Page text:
Hunter Mahan in the Ryder Cup: The agony of defeat
Every sports fan over 30 years old in the United States, at least, has burned into their brain the iconic opening scene of the Saturday afternoon sports program Wide World of Sports. Legendary broadcaster Jim McKay would entice us with “the thrill of victory” voiced over a montage of winning moments, followed by “the agony of defeat” over that dreadful image of a ski-jumper sliding, then falling sideways off the jump and bouncing along the ground like some sort of lifeless rag-doll.
Two years ago at Valhalla, 26 year old rising American star Hunter Mahan was jumping around the 17th green, having holed an improbable putt that ultimately sealed the USA victory in the 2008 Ryder Cup. That image was usually the final punctuation to any video recounting of important moments. He was a hero, having been undefeated in all five of his matches. Surely, this was the thrill of victory.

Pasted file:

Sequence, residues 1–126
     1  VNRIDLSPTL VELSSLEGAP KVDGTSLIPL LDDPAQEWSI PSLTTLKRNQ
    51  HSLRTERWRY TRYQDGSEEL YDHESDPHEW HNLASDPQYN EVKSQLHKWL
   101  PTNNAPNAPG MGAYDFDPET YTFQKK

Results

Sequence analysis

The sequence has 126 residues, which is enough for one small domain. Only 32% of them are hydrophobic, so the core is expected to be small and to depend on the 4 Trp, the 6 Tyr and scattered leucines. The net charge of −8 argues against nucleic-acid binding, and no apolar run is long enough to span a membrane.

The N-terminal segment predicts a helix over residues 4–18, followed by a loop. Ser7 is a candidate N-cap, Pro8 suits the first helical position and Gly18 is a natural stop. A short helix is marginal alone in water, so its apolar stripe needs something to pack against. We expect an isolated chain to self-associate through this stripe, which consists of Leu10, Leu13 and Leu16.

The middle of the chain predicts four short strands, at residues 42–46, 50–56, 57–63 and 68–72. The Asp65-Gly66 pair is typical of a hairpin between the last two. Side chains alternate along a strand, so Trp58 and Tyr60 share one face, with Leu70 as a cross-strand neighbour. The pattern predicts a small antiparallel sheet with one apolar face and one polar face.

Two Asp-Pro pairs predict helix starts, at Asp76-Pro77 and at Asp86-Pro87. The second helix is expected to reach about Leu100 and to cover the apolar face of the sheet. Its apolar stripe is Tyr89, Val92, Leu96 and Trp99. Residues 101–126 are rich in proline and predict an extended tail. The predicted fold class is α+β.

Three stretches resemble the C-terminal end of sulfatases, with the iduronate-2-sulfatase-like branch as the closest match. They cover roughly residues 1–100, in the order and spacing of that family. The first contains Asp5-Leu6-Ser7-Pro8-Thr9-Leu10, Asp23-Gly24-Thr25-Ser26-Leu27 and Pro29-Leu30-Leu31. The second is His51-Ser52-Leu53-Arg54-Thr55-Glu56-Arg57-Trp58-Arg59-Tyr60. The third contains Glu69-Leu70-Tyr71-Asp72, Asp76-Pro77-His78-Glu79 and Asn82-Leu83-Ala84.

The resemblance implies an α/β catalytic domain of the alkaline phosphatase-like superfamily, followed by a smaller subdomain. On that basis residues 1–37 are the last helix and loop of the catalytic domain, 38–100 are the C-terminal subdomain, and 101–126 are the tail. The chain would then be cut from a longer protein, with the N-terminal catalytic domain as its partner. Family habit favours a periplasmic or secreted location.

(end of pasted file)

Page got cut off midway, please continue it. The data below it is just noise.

Now, Hunter Mahan knows the agony of defeat.
Very few will ever comprehend the enormity of the situation he found himself in at Celtic Manor. Not many even have the moxie to volunteer for such a position as he did. That’s because the weight of it is staggering. One only need look back to 1991 to see what it’s like. Two of the most cold-blooded competitors of modern times battled in the final match. With everything riding on the outcome, three-time U.S. Open champion Hale Irwin choked away a 2up lead by bogeying the final three holes. Two-time Masters champion Bernhard Langer had the proverbial foot on his throat. Then the pressure showed up in his shots. It boiled down to Langer’s curling par putt on the 18th hole that missed the right edge of the hole, never having a prayer to go in. His teammate, European Ryder Cup legend Seve Ballesteros, said of that putt “Even his prime, Nicklaus himself could not make that putt. It’s too much.”
Golfers often do things behind the scenes that we don’t find out until much later, if ever. Here’s hoping that Hale Irwin calls or writes young Mahan to let him know it was only one day on the golf course, and that better days await.
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